Grob’s wife continued to complain. Not only because he was not following her directions, forgetting to make a right at the last tar pit, but also because the scratchings on the rock were difficult to read. It was then that Grob got an idea. He decided to copy the map from the rock onto tree bark. On bark the map was far more legible. But still his wife complained. It seems Grob didn’t think of removing the bark from the tree. Of course, neither did his wife. She was complaining because her and the kids were detached to carry the end of the tree with the roots still attached.
Three sprained backs, two hernias, and a fractured foot later a revelation came to Grob. While the wife and kids were complaining of their aches and pains, the tree slipped from Grob’s grasp, leaving the bark still in his hands, and the tree crashing down on Grob’s foot. While hopping around on one foot screeching and grunting, the nearest sounds to today’s more colorful vocabulary, Grob realized he was still holding the map minus the tree. That day Grob took a giant step toward today’s road map; almost as large a step as his kids did in learning a whole new vocabulary of screeches and grunts.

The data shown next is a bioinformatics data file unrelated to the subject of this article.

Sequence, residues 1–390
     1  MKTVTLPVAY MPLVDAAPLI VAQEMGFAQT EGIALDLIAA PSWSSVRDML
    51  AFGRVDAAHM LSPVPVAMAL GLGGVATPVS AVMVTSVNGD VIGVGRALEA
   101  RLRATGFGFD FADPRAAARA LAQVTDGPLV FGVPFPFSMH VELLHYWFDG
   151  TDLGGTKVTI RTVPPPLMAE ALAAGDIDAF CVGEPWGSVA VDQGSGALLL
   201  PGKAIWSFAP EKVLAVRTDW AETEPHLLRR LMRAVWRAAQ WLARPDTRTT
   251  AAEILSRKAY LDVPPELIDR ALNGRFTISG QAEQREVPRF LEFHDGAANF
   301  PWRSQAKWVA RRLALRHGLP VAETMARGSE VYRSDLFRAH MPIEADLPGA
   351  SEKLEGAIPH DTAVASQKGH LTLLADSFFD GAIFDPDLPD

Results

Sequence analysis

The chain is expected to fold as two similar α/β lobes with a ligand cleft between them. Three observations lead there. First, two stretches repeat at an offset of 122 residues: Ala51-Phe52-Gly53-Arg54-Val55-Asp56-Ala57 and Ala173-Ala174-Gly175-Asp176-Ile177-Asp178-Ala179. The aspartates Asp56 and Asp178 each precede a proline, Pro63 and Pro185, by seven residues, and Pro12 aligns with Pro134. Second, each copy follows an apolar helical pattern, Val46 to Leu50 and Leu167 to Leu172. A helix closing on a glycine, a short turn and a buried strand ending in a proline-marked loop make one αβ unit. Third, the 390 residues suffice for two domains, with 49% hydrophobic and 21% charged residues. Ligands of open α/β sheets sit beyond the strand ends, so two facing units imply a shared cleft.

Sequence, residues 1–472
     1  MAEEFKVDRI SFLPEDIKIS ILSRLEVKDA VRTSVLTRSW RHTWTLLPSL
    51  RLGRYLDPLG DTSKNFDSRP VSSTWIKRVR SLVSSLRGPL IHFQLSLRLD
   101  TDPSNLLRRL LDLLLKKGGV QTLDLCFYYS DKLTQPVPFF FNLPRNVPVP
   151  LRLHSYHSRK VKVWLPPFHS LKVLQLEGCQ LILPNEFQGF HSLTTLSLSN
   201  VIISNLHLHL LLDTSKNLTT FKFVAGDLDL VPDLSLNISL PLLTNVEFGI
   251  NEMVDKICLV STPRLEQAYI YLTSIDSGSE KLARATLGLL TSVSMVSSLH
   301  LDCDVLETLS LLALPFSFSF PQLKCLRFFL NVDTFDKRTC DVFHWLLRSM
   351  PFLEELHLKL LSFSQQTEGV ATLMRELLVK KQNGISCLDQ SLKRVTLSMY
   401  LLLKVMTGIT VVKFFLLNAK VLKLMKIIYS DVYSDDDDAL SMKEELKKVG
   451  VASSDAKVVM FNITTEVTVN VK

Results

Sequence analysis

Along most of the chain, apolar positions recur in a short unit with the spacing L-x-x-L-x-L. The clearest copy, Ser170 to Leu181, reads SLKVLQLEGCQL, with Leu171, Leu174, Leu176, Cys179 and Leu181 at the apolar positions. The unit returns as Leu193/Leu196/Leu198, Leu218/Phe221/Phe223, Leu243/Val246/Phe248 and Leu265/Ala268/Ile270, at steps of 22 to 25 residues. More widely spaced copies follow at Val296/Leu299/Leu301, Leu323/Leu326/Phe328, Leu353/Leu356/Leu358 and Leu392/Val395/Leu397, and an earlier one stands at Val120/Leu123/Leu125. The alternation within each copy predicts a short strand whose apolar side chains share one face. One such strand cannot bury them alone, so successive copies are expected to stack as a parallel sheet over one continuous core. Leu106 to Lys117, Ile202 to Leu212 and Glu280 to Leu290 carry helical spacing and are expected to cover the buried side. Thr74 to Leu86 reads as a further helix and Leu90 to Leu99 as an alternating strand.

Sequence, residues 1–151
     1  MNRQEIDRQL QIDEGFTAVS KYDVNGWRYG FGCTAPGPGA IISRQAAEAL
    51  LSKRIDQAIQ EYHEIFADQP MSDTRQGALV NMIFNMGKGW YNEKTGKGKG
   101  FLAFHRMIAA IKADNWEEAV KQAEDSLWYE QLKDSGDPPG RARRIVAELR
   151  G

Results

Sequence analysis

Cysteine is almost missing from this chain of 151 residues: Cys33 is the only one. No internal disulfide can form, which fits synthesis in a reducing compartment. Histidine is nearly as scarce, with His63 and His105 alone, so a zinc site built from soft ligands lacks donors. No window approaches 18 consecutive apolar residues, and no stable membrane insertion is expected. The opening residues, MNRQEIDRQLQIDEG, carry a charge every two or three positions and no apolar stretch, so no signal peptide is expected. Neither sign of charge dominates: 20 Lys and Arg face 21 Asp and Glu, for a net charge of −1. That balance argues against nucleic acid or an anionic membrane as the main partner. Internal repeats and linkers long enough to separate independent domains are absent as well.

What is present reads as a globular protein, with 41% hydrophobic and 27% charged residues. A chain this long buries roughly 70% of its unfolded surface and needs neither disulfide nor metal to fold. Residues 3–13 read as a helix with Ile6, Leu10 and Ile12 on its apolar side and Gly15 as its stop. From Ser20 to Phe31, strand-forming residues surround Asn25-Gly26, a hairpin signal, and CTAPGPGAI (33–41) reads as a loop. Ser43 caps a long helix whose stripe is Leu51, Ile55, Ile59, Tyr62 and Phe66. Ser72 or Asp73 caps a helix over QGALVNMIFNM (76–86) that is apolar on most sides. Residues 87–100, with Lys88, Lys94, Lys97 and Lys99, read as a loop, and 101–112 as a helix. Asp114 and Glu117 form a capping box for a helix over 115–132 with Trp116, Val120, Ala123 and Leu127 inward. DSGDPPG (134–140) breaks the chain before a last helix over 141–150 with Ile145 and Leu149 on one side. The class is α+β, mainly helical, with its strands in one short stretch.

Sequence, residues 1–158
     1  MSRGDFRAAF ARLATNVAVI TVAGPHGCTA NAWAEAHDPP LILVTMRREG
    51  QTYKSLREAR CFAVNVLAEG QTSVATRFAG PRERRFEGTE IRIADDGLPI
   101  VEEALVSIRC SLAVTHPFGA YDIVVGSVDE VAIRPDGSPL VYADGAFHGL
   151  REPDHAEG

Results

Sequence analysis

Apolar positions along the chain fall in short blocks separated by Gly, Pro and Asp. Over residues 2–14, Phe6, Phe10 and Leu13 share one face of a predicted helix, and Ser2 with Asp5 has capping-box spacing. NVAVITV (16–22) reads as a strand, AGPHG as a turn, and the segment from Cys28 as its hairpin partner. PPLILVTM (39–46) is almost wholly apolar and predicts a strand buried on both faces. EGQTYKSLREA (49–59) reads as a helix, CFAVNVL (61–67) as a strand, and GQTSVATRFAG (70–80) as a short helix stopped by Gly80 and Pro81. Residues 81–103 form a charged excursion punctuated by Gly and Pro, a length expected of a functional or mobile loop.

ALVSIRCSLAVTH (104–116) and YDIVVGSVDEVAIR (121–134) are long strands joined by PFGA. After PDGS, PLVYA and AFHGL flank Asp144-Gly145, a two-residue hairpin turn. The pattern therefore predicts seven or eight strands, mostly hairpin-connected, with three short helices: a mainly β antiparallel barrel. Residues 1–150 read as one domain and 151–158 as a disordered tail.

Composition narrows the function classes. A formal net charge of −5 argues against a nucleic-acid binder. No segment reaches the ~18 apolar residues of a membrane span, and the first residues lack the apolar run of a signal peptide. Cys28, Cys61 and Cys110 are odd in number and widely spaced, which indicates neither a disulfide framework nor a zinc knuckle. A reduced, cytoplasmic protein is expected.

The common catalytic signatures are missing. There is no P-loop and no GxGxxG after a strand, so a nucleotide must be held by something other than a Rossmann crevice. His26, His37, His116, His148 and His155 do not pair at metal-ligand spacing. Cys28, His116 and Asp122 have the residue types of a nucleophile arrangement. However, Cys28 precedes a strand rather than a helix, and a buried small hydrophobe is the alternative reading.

Whatever happened to Grob is lost in time. But my guess is he probably ended his own life. Unlike modern man, he had no other vacationers to compare what was normal and what wasn’t. So rather than face another vacation with the family he threw himself into the nearest volcano.
The road map has come a long way since then. Besides showing the easiest route from point A to point B it also attempts to show the traveler every lake, creek, river, airport, county, state, and national park. Now this all sounds very helpful, but there are hidden problems that may at least equal Grob’s tree map. The first is how a map is folded. Grob found the easiest way to store his map made of bark was to simply roll it up. Obviously, that was far too simple. Some degenerate with a twisted sense of humor decided to take his frustrations out of the rest of the world by creating a folded map that would rival, if not surpass, the complexities of a Rubic’s Cube. Only once have I succeeded in folding a road map to its original form. But by then I discovered that not only had our vacation ended, but my wife had given birth to our third child. I was shocked! Not one member of the the family seemed the least bit impressed that I had successfully refolded the map. Nevertheless, so as not to miss out on any major events, not to mention alienation from the family, I first suggest abandoning any attempts at refolding a map to its original form. Simply fold it the easiest way possible, totally ignoring its original creases. Or, if that takes too long, do as I do. Thrust it in the glove compartment, and continue thrusting until all corners are inside.
To Be Continued-Part 3